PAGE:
We continued to take advantage of strong upward momentum in the market place and trimmed a number of positions. When the market is trading at rich multiples, we trim or sell our positions. Currently, the market is expensive so we have more cash than usual. We are absolute value managers so we will stay on the sidelines as long as it takes and husband our cash until excellent investment opportunities become available. On the other hand, we will quickly deploy capital into investments if they are attractive–like we have done on three separate occasions this year.
We have done just that over the last 29 years for the strategy. Our portfolio is very defensive right now and has a great valuation advantage over our benchmark. Our P/E ratio is roughly 13 multiple points lower than Russell 2500’s nearly 27x multiple at the end of the quarter.
During the quarter, we also fully exited a position– Alliant Techsystems (ATK). Our long-term clients know that our average holding period is over 6 years. Alliant Techsystems was in the portfolio for only approximately one year, and appreciated more than 115% from our cost basis. Our long-term clients also know that we start trimming our positions when we believe our required margin of safety diminishes. We also sell the position outright if our investment thesis has worked out and/or the investment thesis has changed. All these criteria were met with Alliant Techsystems.
Alliant Techsystems is an armament and aerospace company. The company has three segments. Aerospace is the first one. In this segment, the company provides mainly two products. The first one is what is called a Solid Rocket Motor. Each time NASA sends a cargo into the space, they need one of ATK’s propulsion systems. Another product line for the Aerospace segment is aircraft components such as wing skins, fuselage skins, and other composites. The Company’s products can be found on F-35s and Airbus A350s.
The second segment is Defense. The Company is the overwhelming majority provider of small caliber ammunition to the U.S. Army. In this segment, they also offer medium and large caliber ammunition and missiles.
The last segment is called Sporting. They sell sporting and law enforcement ammunition, accessories, and tactical gear. These are sold to police departments, Department of Homeland Security, FBI, and U.S. Secret Service on the law enforcement side. On the commercial side, the largest customers are Wal-Mart, Cabela’s, Gander Mountain, and large distributors. Our team started looking at defense companies when many investors were worried about defense budget cuts, sequestration, and the end of wars. Alliant’s stock price peaked at around $120 in late 2007 and gradually decreased to $90 in 2010 and then started decreasing more rapidly and hit $43 in Q3’12. That’s when we started buying and built a small position with an average price of approximately $43.50.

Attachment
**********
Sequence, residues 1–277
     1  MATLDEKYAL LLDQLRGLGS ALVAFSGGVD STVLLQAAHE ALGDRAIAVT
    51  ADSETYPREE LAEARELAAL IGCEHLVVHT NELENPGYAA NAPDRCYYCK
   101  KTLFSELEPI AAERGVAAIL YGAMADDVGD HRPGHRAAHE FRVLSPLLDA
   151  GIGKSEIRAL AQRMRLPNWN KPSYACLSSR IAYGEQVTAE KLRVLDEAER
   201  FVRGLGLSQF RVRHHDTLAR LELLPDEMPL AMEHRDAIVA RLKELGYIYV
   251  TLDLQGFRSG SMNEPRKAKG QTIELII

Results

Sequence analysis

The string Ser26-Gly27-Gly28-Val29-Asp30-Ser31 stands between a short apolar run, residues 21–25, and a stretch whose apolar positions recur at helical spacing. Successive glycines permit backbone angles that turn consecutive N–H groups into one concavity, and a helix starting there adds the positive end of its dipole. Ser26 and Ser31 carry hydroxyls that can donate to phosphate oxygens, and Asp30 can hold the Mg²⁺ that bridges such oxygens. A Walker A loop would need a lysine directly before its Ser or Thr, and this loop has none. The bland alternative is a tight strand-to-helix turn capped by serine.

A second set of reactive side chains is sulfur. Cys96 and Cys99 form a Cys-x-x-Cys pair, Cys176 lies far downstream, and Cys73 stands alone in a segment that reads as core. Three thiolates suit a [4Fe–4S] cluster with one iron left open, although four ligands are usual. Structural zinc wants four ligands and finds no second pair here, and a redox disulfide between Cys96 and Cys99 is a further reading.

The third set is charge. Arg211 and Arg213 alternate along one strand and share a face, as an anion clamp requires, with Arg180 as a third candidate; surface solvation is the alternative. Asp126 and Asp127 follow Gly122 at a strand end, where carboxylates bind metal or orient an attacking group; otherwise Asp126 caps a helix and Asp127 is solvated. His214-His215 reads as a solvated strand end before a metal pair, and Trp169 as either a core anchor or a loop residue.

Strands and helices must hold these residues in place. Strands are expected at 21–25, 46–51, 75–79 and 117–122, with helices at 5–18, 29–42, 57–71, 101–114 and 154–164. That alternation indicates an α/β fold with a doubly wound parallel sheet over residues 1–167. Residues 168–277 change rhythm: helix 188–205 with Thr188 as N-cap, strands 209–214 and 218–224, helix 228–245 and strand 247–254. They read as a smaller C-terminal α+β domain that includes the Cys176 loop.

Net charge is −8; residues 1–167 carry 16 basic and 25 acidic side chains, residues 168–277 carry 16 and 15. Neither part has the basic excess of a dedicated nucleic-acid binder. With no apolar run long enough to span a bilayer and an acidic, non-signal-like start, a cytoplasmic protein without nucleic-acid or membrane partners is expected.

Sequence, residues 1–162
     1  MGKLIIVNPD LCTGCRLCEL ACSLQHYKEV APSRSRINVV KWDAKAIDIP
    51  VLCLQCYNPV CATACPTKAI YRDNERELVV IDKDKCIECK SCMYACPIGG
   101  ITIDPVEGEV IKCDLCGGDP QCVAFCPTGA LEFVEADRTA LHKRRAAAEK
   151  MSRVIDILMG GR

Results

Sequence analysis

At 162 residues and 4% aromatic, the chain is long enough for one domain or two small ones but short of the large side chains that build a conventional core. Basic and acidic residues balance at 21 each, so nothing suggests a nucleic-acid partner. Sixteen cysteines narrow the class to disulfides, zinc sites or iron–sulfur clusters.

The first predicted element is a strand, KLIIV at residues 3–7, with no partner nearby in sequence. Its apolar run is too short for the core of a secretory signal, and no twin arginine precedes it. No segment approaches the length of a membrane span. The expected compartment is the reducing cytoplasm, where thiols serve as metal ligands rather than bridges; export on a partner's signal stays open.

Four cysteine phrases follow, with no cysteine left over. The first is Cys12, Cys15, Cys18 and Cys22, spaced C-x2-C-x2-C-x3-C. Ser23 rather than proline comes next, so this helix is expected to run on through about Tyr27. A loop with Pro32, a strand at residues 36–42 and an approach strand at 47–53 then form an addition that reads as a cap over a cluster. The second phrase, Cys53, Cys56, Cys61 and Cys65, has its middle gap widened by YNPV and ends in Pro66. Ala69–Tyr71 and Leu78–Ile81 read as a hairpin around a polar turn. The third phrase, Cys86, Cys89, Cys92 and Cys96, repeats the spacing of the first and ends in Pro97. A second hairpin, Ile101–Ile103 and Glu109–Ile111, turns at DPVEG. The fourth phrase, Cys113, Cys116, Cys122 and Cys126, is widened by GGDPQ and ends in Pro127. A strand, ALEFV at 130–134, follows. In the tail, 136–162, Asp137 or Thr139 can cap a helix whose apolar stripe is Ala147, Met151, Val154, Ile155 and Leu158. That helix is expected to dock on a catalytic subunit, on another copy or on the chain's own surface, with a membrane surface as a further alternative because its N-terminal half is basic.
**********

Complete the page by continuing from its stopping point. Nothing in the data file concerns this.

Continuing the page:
By September 2013, our investment thesis played out – investors who were worried about lower armament sales and NASA contract losses were proved wrong. In 2012, we believed that the selling was overdone, as the uses of armament were mainly for military training, and the rest of the aerospace business was doing well. The stock price subsequently increased to over $95 per share, which is in the range where we exited the position.
As you know, we endeavor to find and invest your capital in more stocks like ATK. Unfortunately, it is currently not a target-rich environment for dedicated Small/Mid-Cap Value investors. We have experienced these droughts several times over the past few decades. Our patience has ultimately been rewarded as we have subsequently been able to put capital to work when the tide changes. We remain optimistic. If we can discover three new stocks for your portfolio in a year like 2013, we are confident that we will be able to put more capital to work when the market experiences greater volatility.
We thank you for continued support and trust.
1Price/Earnings ratio (P/E) is the price of a stock divided by its earnings per share.
2 Buying with a “margin of safety,” a phrase popularized by Benjamin Graham and Warren Buffet, is when a security is purchased for less than its estimated value. This helps protect against permanent capital loss in the case of an unexpected event or analytical mistake. A purchase made with a margin of safety does not guarantee the security will not decline in price.
3 EBITDA (Earnings before Interest Tax Depreciation and Amortization ) is essentially net income with interest, taxes, depreciation, and amortization added back to it, and can be used to analyze and compare profitability between companies and industries because it eliminates the effects of financing and accounting decisions.